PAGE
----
Lyricist David called on Mills’ theatrical gifts – which had been on display in Broadway musicals including Maggie Flynn, starring Shirley Jones and Jack Cassidy, and The Wiz – to bring to life some of his most multi-layered lyrics. “No One Remembers My Name” epitomizes the mature themes contained on the album. The singer is a success who “really made my dreams come true,” and then returns home only to sadly find that “there’s no one to tell it to” in her hometown: “The people I once knew don’t seem to live here anymore/I feel like a stranger outside the house where I was born…” It’s one of David’s many ruminations on the fleeting nature of fame (most famously, “Do You Know the Way to San Jose”) and a sequel of sorts to the Bacharach/David “Send My Picture to Scranton, PA,” in which BJ Thomas’ narrator imagines writing to the people who taunted him in his youth, not to throw his fame at them but because with his success, “maybe now they’ll give kids a helping hand! That’s how it really ought to be, not like the way it was with me…” But the song is also, perhaps moreover, a universal reflection on the theme that you can’t go home again. Mills acquits herself beautifully as a precocious singer with a wisdom and interpretive skill beyond her young years. Much of her style on this song recalls the vocal influence of Diana Ross; now just imagine how heartbreaking it would have been to hear Miss Ross admit, “The past is just a memory/I belong where people smile back at me/They know me and show me they care/That’s why I’m so happy there/They all remember my name…” The singer of the song is most comfortable living in the past, despite the supposed trappings of fame and fortune. It was heady stuff for a pop song sung by an eighteen year-old in 1975.
“There goes the greyhound/I guess I missed the bus again,” sighs Mills in another excitingly complex tune, “Living on Plastic.” The singer explains her philosophy - “living on plastic: living now, and paying later!” David’s lyric is sufficiently empathetic to her situation, but the dramatically twisting-and-turning, thumping melody gives the lie to her sunny outlook as it contrasts pensive verses to a desperate, driving chorus. Despite her repeatedly-stated faith that she’ll “get by,” we’re not so sure. Bacharach adroitly incorporates a dash of funk into his arrangement, sung deliciously by Mills.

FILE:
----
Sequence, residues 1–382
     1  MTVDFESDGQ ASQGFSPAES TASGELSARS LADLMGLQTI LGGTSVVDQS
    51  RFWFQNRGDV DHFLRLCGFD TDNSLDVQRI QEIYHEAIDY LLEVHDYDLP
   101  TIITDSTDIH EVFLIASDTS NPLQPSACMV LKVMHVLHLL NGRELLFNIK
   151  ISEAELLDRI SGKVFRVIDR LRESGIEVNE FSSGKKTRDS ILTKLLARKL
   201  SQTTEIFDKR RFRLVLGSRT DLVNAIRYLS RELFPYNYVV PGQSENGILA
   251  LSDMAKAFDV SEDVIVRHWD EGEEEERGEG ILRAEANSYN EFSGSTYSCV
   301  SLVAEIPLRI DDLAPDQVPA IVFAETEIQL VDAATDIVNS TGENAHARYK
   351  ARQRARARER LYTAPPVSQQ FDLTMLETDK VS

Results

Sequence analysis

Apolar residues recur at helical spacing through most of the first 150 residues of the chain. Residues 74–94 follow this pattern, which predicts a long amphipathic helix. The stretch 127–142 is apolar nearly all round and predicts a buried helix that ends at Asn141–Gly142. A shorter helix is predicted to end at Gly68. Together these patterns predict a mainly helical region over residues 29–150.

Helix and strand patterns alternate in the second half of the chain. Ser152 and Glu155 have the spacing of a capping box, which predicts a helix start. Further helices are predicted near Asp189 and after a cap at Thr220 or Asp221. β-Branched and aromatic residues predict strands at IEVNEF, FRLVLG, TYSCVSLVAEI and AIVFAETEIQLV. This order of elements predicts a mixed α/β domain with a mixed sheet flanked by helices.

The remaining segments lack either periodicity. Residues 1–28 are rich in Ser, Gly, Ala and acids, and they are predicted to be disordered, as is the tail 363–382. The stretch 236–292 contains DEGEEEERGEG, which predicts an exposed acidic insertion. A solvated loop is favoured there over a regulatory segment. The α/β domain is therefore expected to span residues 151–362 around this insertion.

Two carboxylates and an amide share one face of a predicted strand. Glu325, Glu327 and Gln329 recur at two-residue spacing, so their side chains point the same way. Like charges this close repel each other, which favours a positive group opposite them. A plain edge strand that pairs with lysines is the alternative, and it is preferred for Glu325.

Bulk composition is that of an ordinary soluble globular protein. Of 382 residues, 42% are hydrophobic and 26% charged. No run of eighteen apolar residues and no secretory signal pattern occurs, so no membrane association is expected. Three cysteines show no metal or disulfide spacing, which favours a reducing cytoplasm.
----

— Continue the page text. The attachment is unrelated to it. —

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Bacharach farmed out four of the charts on For the First Time, including “If You Can Learn How to Cry.” Bill Eaton arranged the track in a manner befitting the composer’s quintessentially winding melody that would challenge a lesser singer, and Mills sounds as if she’s connected to David’s more typically upbeat, inspirational words: “Everyone who has loved and lost can try again/Don't think your life is through, because it's just beginning/You have to lose sometimes to taste the joy of winning…” They’re wise words, indeed, from the man who wrote “What the World Needs Now is Love.” Kenny Ascher, a talented composer in his own right, penned the arrangement to the unabashedly romantic ode “I See You for the First Time.” The brash horns and insistent piano of the orchestration blend well with rhythmic percussion. The song seems a bit too mature for a teenager (“Every time we touch/It still excites me just as much…”), but Mills’ sweetness adds vulnerability. A languid clarinet opens Bacharach’s own arrangement of “The Way I Feel About You,” another poetic, gentle and sensual message to a lover: “With one touch of your hand, you give me wings to fly,” Mills tenderly and girlishly coos.
Kenny Ascher also arranged the bombastic disco makeover of Dionne Warwick’s 1963 hit “This Empty Place” which was selected as the A-side of the album’s only single. The album’s other cover is “Loneliness Remembers (What Happiness Forgets),” another song owned by Warwick. Arranger Dave Matthews hews much closer to Bacharach’s original chart from 1970 on this faithful remake. Warwick’s ghost hovers elsewhere, too, as it’s impossible to not to imagine how many of these songs would have sounded sung by Dionne, had Bacharach and David continued writing for her.